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I'm actually using jQuery's XPath selector as well, but needed a way to have the user generate an XPath himself. The second page you linked to has some nice examples of this. Thanks! –  Marc Aug 11 '10 at 12:43

Just for fun, an XPath 2.0 one line implementation:

string-join(ancestor-or-self::*/concat(name(),
                                       '[',
                                       for $x in name() 
                                          return count(preceding-sibling::*
                                                          [name() = $x]) 
                                                 + 1,
                                       ']'),
            '/')
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I'm not sure what it does, but it might come in handy at a later point. Thanks! –  Marc Aug 11 '10 at 16:50
function getPath(event) {
  event = event || window.event;

  var pathElements = [];
  var elem = event.currentTarget;
  var index = 0;
  var siblings = event.currentTarget.parentNode.getElementsByTagName(event.currentTarget.tagName);
  for (var i=0, imax=siblings.length; i<imax; i++) {
      if (event.currentTarget === siblings[i] {
        index = i+1; // add 1 for xpath 1-based
      }
  }


  while (elem.tagName.toLowerCase() != "html") {
    pathElements.unshift(elem.tagName);
    elem = elem.parentNode;
  }
  return pathElements.join("/") + "[" + index + "]";
}

EDITED TO ADD SIBLING INDEX INFORMATION

share|improve this answer
    
Thanks for the suggestion, but this code doesn't seem to take into account similar sibling nodes. E.g. the code returns 'BODY/OL/LI' instead of 'BODY/OL/LI[2]'. –  Marc Aug 11 '10 at 12:34
    
Picky, picky: I will edit and add functionality for that. –  Robusto Aug 11 '10 at 13:59
2  
Didn't mean to be picky, but the sibling index information is crucial for the problem I'm trying to solve. Anyway, thanks for updating your code! –  Marc Aug 11 '10 at 16:51
    
This code has several problems: (1) when counting sibling index it actually checks if any of the siblings is the target of the event (instead of checking if any of the siblings is the same node type as the event target), (2) it takes into account sibling index information on the deepest level only, not further up the tree. –  wadim Aug 6 at 10:38

see my example that will at least try to shorten the expression if there is a unique id. Javascript get XPath of a node

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I have just modified DanS' solution in order to use it with textNodes. Very useful to serialize HTML range object.

/**
 * Gets an XPath for an node which describes its hierarchical location.
 */
var getNodeXPath = function(node) {
    if (node && node.id)
        return '//*[@id="' + node.id + '"]';
    else
        return getNodeTreeXPath(node);
};

var getNodeTreeXPath = function(node) {
    var paths = [];

    // Use nodeName (instead of localName) so namespace prefix is included (if any).
    for (; node && (node.nodeType == 1 || node.nodeType == 3) ; node = node.parentNode)  {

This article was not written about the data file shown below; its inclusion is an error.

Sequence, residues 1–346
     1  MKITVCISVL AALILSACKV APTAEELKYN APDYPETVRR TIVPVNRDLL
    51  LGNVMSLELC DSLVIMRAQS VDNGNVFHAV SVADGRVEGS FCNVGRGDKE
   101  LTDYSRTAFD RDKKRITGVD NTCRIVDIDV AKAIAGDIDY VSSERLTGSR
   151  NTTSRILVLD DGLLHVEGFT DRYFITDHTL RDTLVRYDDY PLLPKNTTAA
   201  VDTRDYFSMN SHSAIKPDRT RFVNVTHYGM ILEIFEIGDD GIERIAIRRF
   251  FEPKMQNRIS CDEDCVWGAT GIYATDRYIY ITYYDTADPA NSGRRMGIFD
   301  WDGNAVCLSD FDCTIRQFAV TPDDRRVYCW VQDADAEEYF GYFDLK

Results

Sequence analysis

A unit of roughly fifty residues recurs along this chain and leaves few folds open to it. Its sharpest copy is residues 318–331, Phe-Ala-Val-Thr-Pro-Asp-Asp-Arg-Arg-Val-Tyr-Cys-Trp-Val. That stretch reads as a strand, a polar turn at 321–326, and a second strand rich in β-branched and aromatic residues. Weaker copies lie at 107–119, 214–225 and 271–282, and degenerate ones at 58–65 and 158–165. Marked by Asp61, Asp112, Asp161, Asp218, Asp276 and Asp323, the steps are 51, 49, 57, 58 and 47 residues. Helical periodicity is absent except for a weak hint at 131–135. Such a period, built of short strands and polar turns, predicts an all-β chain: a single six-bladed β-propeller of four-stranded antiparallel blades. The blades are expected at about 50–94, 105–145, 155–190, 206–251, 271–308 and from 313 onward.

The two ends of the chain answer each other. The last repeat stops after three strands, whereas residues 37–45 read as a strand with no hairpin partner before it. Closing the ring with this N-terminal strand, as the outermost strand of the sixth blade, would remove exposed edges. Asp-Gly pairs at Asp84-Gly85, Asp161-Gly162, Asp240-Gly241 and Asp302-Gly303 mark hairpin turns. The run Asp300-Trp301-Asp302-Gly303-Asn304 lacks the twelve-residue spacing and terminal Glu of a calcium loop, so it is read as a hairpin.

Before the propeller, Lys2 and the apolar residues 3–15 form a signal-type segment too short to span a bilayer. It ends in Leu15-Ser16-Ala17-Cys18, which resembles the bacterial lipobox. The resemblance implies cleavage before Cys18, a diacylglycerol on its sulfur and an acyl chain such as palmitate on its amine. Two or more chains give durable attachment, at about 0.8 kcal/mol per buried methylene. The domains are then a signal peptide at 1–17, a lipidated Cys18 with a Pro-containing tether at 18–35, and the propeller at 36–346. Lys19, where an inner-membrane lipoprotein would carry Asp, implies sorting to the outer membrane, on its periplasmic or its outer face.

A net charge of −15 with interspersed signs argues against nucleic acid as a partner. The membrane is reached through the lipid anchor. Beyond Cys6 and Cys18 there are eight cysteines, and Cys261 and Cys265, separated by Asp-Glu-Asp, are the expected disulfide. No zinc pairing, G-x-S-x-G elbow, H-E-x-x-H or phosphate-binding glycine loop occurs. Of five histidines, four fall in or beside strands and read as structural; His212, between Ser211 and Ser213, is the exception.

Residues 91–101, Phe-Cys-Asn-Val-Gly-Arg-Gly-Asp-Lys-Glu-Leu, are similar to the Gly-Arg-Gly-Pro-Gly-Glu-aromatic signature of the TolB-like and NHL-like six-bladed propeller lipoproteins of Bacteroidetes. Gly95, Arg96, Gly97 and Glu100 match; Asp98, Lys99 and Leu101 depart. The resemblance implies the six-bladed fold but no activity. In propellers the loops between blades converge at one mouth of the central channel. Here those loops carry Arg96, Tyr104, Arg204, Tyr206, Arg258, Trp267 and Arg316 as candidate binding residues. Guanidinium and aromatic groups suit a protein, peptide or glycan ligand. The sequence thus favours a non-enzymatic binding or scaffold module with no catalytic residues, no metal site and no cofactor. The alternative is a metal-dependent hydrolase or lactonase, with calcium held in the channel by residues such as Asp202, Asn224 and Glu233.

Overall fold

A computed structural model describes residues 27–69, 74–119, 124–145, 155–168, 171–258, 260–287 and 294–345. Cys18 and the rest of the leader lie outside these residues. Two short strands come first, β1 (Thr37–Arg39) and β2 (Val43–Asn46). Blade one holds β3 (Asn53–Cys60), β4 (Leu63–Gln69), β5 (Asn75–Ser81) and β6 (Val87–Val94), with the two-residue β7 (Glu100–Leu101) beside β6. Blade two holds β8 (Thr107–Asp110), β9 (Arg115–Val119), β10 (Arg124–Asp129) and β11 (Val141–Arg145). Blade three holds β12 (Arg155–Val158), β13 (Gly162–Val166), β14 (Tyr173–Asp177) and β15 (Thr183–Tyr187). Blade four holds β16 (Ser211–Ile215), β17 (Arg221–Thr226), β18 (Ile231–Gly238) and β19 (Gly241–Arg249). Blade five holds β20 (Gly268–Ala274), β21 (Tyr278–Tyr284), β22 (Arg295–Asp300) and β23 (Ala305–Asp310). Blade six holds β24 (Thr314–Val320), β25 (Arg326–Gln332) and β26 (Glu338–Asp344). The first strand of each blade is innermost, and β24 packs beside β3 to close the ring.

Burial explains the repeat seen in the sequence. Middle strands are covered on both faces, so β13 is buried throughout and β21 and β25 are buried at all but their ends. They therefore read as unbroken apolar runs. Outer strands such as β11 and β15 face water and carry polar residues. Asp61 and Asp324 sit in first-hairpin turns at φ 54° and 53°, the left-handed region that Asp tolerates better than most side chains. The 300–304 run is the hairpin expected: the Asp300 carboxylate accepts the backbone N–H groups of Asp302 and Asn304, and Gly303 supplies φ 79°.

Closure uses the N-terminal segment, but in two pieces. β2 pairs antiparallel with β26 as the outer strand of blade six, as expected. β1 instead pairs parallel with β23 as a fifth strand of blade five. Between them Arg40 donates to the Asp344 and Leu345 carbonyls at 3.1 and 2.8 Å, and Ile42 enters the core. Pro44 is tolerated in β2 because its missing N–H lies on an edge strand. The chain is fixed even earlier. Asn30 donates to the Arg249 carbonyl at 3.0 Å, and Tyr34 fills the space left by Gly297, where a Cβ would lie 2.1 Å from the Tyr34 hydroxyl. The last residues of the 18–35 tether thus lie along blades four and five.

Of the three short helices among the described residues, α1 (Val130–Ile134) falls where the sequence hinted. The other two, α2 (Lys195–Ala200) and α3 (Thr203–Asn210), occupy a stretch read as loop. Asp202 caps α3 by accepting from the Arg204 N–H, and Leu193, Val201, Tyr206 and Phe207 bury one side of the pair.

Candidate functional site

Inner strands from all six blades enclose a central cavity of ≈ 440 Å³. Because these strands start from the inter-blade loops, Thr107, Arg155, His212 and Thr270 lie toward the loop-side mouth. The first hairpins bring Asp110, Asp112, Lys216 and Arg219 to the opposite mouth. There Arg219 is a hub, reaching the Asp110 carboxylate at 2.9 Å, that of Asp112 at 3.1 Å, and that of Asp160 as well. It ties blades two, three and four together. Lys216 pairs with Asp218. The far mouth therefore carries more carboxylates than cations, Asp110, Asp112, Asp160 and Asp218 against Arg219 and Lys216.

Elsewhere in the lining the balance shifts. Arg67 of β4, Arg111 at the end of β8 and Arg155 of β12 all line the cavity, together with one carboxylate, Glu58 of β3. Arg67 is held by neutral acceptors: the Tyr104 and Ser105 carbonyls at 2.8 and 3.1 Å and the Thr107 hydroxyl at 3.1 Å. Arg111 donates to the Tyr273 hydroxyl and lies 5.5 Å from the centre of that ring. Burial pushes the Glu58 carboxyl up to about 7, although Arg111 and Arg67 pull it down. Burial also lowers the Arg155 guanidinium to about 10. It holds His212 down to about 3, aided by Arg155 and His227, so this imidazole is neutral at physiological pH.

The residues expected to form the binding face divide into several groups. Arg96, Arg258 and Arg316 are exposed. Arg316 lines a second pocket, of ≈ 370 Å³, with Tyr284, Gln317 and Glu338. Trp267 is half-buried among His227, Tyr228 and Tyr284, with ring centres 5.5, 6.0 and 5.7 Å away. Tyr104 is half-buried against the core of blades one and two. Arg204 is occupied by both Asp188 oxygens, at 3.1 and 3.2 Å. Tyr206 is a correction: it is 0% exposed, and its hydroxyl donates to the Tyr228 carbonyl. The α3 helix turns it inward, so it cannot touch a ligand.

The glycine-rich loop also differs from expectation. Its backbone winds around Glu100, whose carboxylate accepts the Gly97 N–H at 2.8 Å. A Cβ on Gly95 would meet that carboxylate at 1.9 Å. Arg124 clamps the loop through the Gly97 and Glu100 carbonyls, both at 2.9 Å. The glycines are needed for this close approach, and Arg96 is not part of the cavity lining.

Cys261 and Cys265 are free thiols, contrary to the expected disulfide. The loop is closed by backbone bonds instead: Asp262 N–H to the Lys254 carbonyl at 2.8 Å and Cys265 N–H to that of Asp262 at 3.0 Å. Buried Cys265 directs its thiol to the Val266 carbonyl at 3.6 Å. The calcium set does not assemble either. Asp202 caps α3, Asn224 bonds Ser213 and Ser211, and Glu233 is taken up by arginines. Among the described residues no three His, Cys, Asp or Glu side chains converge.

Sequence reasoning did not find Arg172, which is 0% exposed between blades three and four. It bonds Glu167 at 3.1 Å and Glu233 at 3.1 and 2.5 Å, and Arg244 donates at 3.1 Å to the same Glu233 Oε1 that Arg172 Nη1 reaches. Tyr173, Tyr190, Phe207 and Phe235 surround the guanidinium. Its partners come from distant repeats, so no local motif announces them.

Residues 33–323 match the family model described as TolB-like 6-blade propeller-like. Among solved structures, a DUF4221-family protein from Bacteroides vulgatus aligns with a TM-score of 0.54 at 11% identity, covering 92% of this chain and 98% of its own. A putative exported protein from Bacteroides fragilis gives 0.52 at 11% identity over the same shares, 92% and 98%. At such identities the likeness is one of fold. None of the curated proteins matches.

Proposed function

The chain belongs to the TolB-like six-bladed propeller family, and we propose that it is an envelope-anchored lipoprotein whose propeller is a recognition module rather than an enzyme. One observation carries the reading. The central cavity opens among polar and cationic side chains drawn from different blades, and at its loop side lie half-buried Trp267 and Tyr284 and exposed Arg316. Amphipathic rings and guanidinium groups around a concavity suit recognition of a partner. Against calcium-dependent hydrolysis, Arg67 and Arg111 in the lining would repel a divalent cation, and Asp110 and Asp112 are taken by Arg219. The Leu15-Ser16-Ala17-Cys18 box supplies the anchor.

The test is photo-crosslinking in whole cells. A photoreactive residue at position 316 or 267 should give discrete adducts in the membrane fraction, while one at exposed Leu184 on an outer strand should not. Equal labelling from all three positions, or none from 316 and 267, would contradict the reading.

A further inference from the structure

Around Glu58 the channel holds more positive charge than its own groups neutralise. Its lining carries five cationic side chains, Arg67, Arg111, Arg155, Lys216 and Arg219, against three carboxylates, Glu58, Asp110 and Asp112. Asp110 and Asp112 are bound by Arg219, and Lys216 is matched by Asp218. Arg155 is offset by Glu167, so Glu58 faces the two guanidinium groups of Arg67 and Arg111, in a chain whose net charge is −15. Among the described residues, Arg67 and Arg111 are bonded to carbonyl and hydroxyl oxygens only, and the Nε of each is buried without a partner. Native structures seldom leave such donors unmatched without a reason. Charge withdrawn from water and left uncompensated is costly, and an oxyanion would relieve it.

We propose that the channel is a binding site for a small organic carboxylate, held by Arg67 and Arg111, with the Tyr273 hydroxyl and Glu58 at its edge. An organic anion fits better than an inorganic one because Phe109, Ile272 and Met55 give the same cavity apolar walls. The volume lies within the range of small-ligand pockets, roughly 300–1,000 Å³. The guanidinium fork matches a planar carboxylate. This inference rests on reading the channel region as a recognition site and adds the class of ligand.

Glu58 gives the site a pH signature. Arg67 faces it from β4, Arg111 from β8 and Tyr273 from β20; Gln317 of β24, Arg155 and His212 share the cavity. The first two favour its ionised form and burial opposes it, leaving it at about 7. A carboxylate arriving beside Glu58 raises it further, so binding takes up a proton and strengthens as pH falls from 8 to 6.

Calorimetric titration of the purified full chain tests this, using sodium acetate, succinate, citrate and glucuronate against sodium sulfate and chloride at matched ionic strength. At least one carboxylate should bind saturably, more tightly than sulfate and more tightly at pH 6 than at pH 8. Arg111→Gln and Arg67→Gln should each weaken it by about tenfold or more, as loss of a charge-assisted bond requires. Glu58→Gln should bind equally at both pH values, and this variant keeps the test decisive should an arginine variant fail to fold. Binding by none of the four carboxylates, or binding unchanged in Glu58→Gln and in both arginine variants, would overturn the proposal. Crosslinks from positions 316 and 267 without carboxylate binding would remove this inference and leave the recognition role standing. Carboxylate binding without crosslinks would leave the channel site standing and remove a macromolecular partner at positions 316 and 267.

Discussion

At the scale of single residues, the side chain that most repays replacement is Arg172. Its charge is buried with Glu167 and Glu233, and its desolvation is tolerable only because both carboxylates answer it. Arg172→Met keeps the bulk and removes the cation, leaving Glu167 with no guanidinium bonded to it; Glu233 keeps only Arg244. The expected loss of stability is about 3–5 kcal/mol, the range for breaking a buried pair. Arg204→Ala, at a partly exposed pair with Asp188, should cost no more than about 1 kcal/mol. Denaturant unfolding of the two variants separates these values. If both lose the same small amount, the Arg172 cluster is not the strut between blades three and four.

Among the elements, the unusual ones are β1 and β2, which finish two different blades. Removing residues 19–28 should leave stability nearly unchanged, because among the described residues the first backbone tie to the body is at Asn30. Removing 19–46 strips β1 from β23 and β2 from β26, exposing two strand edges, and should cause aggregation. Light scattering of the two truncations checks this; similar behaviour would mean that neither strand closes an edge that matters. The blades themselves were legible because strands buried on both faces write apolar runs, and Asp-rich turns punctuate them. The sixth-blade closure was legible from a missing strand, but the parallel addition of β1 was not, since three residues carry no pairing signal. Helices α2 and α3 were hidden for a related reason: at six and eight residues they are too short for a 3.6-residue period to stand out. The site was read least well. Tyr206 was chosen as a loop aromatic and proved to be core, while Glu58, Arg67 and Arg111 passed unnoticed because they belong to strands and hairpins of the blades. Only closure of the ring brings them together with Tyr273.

var index = 0;
        // EXTRA TEST FOR ELEMENT.ID
        if (node && node.id) {
            paths.splice(0, 0, '/*[@id="' + node.id + '"]');
            break;
        }

        for (var sibling = node.previousSibling; sibling; sibling = sibling.previousSibling) {
            // Ignore document type declaration.
            if (sibling.nodeType == Node.DOCUMENT_TYPE_NODE)
                continue;

            if (sibling.nodeName == node.nodeName)
                ++index;
        }

        var tagName = (node.nodeType == 1 ? node.nodeName.toLowerCase() : "text()");
        var pathIndex = (index ? "[" + (index+1) + "]" : "");
        paths.splice(0, 0, tagName + pathIndex);
    }

    return paths.length ? "/" + paths.join("/") : null;
};
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The solution below is preferable if you need to reliably determine the absolute XPath of an element.

Some other answers either rely partly on the element id (which is not reliable since there can potentially be multiple elements with identical ids) or they generate XPaths that actually specify more elements than the one given (by erroneously omitting the sibling index in certain circumstances).

The code has been adapted from Firebug's source code by fixing the above-mentioned problems.

getXElementTreeXPath = function( element ) {
    var paths = [];

    // Use nodeName (instead of localName) so namespace prefix is included (if any).
    for ( ; element && element.nodeType == Node.ELEMENT_NODE; element = element.parentNode )  {
        var index = 0;

        for ( var sibling = element.previousSibling; sibling; sibling = sibling.previousSibling ) {
            // Ignore document type declaration.
            if ( sibling.nodeType == Node.DOCUMENT_TYPE_NODE ) {
                continue;
            }

            if ( sibling.nodeName == element.nodeName ) {
                ++index;
            }
        }

        var tagName = element.nodeName.toLowerCase();

        // *always* include the sibling index
        var pathIndex = "[" + (index+1) + "]";

        paths.unshift( tagName + pathIndex );
    }

    return paths.length ? "/" + paths.join( "/") : null;
};